There has been some concern that the plastic component parts won't hold up under the wear and tear of today's active seniors (and younger patients).
Metal implants have always shown superior strength in laboratory studies. There's less stress on the bone where the metal comes in contact with bone.
Earlier use of the all-poly design was reported to loosen easily (compared to metal) or collapse into the bone.
Researchers are taking a second look at the all-poly model these days because metal backed implants have a downside. There's quite a bit of wear on the "backside" where the implant rests on the bone. Severe breakdown of the bone can occur.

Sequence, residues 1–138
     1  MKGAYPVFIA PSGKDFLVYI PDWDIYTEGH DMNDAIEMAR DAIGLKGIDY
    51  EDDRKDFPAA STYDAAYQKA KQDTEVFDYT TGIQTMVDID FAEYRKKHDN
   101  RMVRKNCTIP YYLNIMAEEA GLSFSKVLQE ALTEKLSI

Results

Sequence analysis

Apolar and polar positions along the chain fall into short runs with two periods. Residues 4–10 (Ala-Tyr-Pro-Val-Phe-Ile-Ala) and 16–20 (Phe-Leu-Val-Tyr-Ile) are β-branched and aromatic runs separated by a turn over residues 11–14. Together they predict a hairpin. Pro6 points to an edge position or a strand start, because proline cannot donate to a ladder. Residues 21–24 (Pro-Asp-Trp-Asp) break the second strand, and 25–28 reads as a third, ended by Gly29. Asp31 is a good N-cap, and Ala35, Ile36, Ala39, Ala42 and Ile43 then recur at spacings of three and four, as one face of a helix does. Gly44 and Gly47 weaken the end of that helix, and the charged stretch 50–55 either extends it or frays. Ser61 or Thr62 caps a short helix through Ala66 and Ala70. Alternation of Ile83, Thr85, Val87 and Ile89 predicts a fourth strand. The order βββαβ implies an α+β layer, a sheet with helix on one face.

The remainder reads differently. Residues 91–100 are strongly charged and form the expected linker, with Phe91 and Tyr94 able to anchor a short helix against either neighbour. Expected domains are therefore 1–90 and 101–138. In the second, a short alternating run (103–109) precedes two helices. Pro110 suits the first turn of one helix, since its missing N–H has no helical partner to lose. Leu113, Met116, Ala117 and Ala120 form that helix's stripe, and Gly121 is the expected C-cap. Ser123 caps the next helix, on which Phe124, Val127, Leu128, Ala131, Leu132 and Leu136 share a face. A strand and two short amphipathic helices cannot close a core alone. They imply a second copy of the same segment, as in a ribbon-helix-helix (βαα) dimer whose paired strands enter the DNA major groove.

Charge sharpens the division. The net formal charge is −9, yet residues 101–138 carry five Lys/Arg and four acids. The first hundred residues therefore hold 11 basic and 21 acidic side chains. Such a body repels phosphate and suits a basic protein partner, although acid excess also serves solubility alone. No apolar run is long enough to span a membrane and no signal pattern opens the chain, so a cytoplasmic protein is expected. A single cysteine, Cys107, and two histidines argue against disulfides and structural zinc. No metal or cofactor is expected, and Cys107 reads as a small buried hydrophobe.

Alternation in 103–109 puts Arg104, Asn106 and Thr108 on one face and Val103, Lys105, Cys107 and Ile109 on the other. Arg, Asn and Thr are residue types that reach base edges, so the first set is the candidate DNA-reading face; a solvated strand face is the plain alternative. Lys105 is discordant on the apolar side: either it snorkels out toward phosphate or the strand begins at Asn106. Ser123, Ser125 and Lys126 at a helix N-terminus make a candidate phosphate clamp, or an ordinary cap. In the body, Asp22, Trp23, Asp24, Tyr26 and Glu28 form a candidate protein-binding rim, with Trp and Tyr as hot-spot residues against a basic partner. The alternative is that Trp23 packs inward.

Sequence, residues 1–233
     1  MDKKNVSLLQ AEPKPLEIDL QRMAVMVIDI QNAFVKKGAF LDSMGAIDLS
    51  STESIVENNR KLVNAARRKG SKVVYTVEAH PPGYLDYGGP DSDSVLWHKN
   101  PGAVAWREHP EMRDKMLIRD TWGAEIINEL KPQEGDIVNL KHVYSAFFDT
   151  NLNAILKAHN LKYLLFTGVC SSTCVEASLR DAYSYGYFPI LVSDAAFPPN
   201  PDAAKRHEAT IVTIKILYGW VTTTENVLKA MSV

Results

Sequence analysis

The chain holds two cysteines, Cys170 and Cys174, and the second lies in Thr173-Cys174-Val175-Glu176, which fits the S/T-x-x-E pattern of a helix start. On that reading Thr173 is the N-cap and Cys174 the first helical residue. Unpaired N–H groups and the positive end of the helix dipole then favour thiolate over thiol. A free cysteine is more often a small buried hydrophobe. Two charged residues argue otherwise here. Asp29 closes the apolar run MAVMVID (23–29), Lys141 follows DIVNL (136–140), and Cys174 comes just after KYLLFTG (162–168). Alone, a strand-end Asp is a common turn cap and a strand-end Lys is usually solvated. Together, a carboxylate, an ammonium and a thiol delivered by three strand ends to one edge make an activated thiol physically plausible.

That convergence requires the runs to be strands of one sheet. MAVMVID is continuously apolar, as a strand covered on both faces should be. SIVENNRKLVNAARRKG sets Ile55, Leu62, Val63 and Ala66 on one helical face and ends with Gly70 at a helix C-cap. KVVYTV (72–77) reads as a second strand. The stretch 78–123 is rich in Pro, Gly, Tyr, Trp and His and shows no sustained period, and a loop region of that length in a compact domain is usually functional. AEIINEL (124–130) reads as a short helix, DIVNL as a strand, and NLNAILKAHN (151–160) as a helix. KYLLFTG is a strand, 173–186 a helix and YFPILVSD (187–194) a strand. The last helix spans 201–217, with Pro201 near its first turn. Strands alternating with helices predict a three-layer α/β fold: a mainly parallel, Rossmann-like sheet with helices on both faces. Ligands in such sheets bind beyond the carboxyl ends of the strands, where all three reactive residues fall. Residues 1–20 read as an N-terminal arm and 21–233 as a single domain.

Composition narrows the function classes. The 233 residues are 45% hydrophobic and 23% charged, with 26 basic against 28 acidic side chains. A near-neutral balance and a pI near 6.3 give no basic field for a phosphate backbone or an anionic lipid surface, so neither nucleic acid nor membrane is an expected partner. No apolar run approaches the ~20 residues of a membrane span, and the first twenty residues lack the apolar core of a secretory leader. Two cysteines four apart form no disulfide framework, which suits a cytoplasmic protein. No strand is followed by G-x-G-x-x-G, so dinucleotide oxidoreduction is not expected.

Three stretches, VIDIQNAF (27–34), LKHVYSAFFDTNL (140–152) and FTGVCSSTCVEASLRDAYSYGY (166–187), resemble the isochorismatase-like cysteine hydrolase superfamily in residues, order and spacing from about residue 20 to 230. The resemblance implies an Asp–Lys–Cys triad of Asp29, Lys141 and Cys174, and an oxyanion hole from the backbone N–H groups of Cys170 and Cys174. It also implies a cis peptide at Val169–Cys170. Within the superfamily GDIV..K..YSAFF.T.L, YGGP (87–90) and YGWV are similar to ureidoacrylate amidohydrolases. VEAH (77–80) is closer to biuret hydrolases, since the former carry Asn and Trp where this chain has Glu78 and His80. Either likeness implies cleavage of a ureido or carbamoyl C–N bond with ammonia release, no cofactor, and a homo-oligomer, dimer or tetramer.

The results of a recent study using the all-poly tibial component in younger adults (less than 60 years old) had a low overall failure rate (1.8 percent). The study was considered "intermediate" as the patients were followed from two to 11 years. Long-term studies (20 years or more) are still needed.
For now it looks like the all-poly is a safe bet for the first 10 years at least.